Five major truck manufacturers have been collectively fined £2.44 billion (€2.93bn) for fixing pricing over the last 14 years.
The price-fixing relates specifically to the market for the manufacturing of medium (weighing between 6 to 16 tonnes) and heavy trucks (weighing over 16 tonnes).
The European Commission's investigation revealed that MAN, Volvo/Renault, Daimler (Mercedes-Benz), Iveco and DAF had engaged in a cartel relating to:
- Coordinating prices at "gross list" level for medium and heavy trucks in the European Economic Area (EEA). The "gross list" price level relates to the factory price of trucks, as set by each manufacturer. Generally, these gross list prices are the basis for pricing in the trucks industry. The final price paid by buyers is then based on further adjustments, done at national and local level, to these gross list prices.
- The timing for the introduction of emission technologies for medium and heavy trucks to comply with the increasingly strict European emissions standards (from Euro 3 through to the currently applicable Euro 6).
- The passing on to customers of the costs for the emissions technologies required to comply with the increasingly strict European emissions standards (from Euro 3 through to the currently applicable Euro 6).
The infringement was EU-wide and lasted 14 years, from 1997 until 2011, when the Commission carried out unannounced inspections of the firms.
The collusion identified by the Commission concerned the new emission technologies required by the Euro III to Euro VI environmental standards, specifically coordination on timing and coordination on passing on of costs of emission technologies for trucks compliant with newly introduced emissions standards. The collusion was not aimed at avoiding or manipulating compliance with the new emission standards.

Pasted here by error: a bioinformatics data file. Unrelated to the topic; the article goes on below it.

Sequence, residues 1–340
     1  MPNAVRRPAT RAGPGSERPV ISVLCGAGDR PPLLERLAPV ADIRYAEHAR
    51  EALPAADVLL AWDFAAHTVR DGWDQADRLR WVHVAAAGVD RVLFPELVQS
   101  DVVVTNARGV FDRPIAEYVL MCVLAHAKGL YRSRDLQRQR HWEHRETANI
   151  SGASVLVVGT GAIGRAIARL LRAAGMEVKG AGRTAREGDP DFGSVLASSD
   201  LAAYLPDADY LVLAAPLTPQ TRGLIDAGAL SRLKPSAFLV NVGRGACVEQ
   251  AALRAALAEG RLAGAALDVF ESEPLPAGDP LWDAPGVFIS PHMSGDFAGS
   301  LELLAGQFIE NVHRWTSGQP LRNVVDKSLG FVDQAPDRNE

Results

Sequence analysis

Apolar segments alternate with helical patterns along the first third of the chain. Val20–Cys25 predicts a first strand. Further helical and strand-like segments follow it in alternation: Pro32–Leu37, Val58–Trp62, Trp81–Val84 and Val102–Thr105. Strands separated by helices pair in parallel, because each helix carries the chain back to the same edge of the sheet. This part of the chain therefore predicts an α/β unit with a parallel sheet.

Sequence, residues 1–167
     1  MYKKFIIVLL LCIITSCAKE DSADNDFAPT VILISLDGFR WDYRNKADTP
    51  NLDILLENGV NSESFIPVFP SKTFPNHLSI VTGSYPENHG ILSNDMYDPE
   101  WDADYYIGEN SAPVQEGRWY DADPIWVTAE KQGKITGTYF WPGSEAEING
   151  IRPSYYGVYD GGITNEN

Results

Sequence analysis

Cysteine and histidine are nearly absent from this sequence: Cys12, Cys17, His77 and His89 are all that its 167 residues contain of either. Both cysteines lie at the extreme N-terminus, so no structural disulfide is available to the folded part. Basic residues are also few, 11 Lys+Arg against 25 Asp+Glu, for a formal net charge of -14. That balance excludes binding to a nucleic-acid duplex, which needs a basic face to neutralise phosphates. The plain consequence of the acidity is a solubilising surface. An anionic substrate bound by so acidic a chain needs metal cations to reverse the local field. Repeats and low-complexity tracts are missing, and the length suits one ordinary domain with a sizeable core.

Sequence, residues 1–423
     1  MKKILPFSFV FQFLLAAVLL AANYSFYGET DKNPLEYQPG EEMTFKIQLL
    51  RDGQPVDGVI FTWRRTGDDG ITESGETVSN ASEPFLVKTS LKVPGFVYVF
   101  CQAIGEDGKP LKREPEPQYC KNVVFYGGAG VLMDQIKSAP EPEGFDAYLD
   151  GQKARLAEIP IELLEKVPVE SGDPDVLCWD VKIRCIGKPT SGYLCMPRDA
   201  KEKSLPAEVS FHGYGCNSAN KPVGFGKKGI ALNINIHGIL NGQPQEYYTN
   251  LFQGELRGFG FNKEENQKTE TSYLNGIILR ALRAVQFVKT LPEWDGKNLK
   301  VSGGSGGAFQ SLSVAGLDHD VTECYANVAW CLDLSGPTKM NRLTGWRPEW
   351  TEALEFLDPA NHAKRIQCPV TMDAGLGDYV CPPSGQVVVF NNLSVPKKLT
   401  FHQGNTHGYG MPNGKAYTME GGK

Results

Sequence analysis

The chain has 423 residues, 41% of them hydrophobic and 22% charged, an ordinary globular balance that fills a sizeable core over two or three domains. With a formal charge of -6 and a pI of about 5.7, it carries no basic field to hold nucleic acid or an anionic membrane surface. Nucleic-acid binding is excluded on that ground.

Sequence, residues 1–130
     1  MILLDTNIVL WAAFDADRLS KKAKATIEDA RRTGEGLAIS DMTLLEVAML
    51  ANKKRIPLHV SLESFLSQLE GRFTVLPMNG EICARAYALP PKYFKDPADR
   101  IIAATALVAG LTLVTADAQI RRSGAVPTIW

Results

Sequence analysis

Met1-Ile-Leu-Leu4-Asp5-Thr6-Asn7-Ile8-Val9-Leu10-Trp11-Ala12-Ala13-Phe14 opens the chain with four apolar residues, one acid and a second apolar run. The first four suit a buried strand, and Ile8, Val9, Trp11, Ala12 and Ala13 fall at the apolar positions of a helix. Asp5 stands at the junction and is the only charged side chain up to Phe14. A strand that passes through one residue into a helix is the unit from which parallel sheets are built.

Daimler (Mercedes-Benz) was fined £902m (€1.08bn), DAF was fined £628m (€752m), Iveco £412m (€494m), and Volvo/Renault £560m (€670m).
MAN (part of Volkswagen Group) will not be fined, as it reported the cartel to the European Commission. Scania, also part of Volkswagen Group, did not settle and will continue to be under investigation.
Commissioner for competition Margrethe Vestager said: “We have today put down a marker by imposing record fines for a serious infringement. In all, there are over 30 million trucks on European roads, which account for around three quarters of inland transport of goods in Europe and play a vital role for the European economy.
"It is not acceptable that MAN, Volvo/Renault, Daimler, Iveco and DAF, which together account for around 9 out of every 10 medium and heavy trucks produced in Europe, were part of a cartel instead of competing with each other.
"For 14 years they colluded on the pricing and on passing on the costs for meeting environmental standards to customers. This is also a clear message to companies that cartels are not accepted."
RHA chief executive Richard Burnett added: “The truck manufacturers are our members’ key suppliers and enjoy a partnership which is very often based on trust.
“Over the past 20 years the supply of lorries has become more complex with a range of finance deals and maintenance contracts built in by the manufacturers as part of the supply agreement to their customers.
“Hauliers will be angered to learn that at the same time there was a price-fixing cartel linked to the Euro-emission standards. It is reassuring to have confirmation that there was no cheating in terms of the Euro-emission testing process but that is of little comfort in terms of the price fixing.
“The victim of this price fixing has been the whole haulage industry and it is already clear today, and in recent weeks that many of our members will want compensation.
“The RHA is therefore actively considering representing the industry in pursuit of this and is making final detailed checks about taking this issue to the courts.”
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